Based on the prologue of Gwen Florio’s novel Dakota, Konrad Thọ Fiedler’s debut short Running Eagle, sees the Pulitzer-Prize nominated photojournalist head into the frozen climes of the Blackfeet Nation reservation, Montana, for the unblinking story of a desperate American Indian girl on the run. Flowing seamlessly between the bitter realities of her situation and a lyrical connection to her heritage, Running Eagle firmly lays the ground for Konrad’s feature adaptation of the full novel. DN invited Konrad to share his experience of moving into the director’s chair.

I was on a photo assignment for a German tabloid, BILD, in Missoula, Montana for a week in December of 2014 – covering a high profile murder trial involving a German exchange student who was shot dead while trespassing in a local’s garage, stealing beer and pot. On my day off, I visited the local book shop Fact & Fiction, where I saw a striking cover for the novel Dakota by Gwen Florio, with silhouettes of oil derricks on it. Reading the blurb, I realized I should probably read this considering it seemed to incorporate many of the themes, people, and places that I had wanted to combine in a possible first feature ever since a recent toad trip across the Great Plains prairie. It was on this trip through the epicenter of the North Dakota oil boom as well as introductions to Plains Indian native lands that I began to wonder about creating a story combining these things.

Finishing Gwen’s novel on the plane home, I realized this was it – the story – what I wanted my first feature to be. I started the process of acquiring the right to adapt. It became a pretty long process after a bum contract negotiation involving an incompetent literary agent, but in the end it all worked out. The script adaptation was its own interesting learning process for me as my first time doing one. Revisions are ongoing, but I am happy with where it’s at now and ready to share it with producers and investors. I like adapting and will likely do it again.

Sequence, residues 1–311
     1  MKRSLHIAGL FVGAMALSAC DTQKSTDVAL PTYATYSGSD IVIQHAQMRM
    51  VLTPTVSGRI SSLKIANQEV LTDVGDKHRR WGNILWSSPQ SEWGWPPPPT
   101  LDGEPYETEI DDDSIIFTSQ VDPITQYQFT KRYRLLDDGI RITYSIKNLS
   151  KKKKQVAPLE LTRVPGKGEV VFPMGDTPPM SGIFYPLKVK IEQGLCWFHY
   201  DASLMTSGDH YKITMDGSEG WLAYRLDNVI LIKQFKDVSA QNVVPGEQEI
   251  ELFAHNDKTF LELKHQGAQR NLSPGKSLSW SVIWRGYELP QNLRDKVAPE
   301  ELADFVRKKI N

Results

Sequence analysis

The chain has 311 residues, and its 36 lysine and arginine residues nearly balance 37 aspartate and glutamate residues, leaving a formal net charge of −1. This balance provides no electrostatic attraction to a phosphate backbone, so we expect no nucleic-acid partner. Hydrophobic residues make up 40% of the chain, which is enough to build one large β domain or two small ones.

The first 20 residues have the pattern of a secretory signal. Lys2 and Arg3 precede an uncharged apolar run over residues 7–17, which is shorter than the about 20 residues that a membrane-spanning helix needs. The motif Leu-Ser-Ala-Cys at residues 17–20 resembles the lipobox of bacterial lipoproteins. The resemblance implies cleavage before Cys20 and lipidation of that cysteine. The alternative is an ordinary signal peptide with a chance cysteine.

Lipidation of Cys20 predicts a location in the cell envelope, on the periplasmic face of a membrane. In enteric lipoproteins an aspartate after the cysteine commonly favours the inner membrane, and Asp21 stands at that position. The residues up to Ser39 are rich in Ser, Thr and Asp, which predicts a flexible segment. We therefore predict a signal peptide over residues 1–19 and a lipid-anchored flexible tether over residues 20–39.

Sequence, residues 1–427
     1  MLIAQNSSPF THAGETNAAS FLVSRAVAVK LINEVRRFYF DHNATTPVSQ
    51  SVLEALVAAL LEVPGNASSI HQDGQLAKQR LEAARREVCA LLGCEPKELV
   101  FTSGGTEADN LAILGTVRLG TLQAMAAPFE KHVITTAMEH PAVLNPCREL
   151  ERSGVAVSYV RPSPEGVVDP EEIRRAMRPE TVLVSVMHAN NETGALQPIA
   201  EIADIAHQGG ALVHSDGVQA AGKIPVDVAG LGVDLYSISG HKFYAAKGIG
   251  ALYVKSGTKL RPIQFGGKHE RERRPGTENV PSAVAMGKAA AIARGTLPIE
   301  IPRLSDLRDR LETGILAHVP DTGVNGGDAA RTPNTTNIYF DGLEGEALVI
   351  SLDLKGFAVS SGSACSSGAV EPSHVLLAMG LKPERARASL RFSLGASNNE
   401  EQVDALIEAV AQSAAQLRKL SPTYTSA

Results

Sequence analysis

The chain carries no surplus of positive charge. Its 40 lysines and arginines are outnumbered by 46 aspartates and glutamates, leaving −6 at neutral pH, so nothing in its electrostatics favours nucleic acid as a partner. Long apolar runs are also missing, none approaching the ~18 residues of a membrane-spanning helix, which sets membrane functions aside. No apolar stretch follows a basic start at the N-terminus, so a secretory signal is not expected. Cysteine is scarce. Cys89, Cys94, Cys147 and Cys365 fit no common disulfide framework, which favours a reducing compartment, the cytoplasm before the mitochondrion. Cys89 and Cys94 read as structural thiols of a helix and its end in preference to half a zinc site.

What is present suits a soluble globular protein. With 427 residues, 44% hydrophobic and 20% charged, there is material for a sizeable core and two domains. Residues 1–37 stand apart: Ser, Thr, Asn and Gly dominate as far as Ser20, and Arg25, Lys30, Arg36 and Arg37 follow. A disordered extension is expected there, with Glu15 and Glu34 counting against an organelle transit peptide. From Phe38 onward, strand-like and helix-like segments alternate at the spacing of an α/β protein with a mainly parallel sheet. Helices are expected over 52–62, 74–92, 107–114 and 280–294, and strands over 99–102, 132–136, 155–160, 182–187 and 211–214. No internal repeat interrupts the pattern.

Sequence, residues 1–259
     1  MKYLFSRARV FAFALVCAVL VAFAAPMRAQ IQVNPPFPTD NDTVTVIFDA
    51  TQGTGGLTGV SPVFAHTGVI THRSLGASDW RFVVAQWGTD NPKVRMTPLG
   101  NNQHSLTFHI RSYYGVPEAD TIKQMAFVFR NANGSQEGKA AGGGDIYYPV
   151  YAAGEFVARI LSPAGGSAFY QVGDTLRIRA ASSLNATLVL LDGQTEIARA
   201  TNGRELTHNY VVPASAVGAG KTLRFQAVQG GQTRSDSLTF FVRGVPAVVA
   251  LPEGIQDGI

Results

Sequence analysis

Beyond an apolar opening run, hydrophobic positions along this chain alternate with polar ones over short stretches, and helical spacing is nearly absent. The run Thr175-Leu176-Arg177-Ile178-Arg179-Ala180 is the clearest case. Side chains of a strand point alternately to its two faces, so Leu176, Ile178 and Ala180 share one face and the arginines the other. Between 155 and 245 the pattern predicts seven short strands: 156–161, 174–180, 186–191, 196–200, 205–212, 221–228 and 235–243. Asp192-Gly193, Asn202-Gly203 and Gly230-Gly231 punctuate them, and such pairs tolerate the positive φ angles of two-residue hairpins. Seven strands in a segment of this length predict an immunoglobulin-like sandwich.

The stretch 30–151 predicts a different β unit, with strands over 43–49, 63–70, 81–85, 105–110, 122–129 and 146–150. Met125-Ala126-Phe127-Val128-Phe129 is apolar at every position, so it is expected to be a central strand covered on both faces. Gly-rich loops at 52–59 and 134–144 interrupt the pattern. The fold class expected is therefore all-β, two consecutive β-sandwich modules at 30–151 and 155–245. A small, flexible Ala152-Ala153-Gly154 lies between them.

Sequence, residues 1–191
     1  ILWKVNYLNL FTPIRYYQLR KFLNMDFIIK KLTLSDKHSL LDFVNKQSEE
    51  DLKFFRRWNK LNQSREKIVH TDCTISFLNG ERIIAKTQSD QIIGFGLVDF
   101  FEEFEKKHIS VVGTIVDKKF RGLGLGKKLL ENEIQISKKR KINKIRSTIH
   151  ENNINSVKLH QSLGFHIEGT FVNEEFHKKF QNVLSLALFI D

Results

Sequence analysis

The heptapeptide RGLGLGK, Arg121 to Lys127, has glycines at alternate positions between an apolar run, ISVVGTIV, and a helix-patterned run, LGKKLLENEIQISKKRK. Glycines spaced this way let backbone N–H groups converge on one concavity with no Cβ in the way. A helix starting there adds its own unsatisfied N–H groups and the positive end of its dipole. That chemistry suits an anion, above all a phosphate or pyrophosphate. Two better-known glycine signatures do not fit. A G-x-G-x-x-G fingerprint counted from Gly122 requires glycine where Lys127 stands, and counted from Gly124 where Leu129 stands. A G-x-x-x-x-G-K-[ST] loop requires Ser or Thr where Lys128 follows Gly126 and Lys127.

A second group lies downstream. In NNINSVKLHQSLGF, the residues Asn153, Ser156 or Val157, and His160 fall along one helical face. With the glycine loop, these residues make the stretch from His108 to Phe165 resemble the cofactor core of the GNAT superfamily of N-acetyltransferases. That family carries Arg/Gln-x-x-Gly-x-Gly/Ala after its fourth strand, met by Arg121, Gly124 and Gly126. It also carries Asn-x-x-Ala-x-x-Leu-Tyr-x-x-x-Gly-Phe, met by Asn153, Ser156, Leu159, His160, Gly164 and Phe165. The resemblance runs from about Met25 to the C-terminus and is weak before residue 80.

These compromises and adjustments can provide their own good opportunities if you remain open to them.

I knew that as a new director, it would be a good idea to do a teaser short to showcase what I and my collaborators could do, to share a proof of world and tone to accompany the feature script. After a modest crowdfunding campaign and a bank loan, my girlfriend Tina and I went to Montana. We were lucky to get in touch with Lily Gladstone, a prominent Blackfeet actress. She helped us get our footing in Browning on the reservation there, where we met more members of the Blackfeet Nation.

It proved so valuable to the project for me to be in Blackfeet country for two months before shooting both for the further development of the story and production logistics. I met her uncle Alex Gladstone, who gave me good background knowledge on the tribe and shared wonderful locations to shoot at along the border of the reservation and breathtaking mountains in Glacier National Park. Through Leona Tracey I was privileged to attend a buffalo harvest where I met other wonderful tribal leaders from the Crazy Dogs Society. They would go on to teach me even more, influencing the story’s buffalo scene. I am indebted to Sheldon Carlson for introducing me to Richard and Larry Ground. Larry would go on to be the lead singer on the Walk Holy song I recorded of the Crazy Dogs after another trip to Montana after the initial January 2016 shoot.


The Glacier Park / Browning Montana area posed there own challenges shooting in winter. It was actually more mild than it appears on camera, and boy did I obsess for a bit too long on trying to acquire a snow machine. I couldn’t afford one in the end, and adjusted the script’s dialogue a bit to reflect the fact that recreating a ground blizzard was beyond our means. In the end, it wasn’t essential to the story and I learned that these compromises and adjustments can provide their own good opportunities if you remain open to them.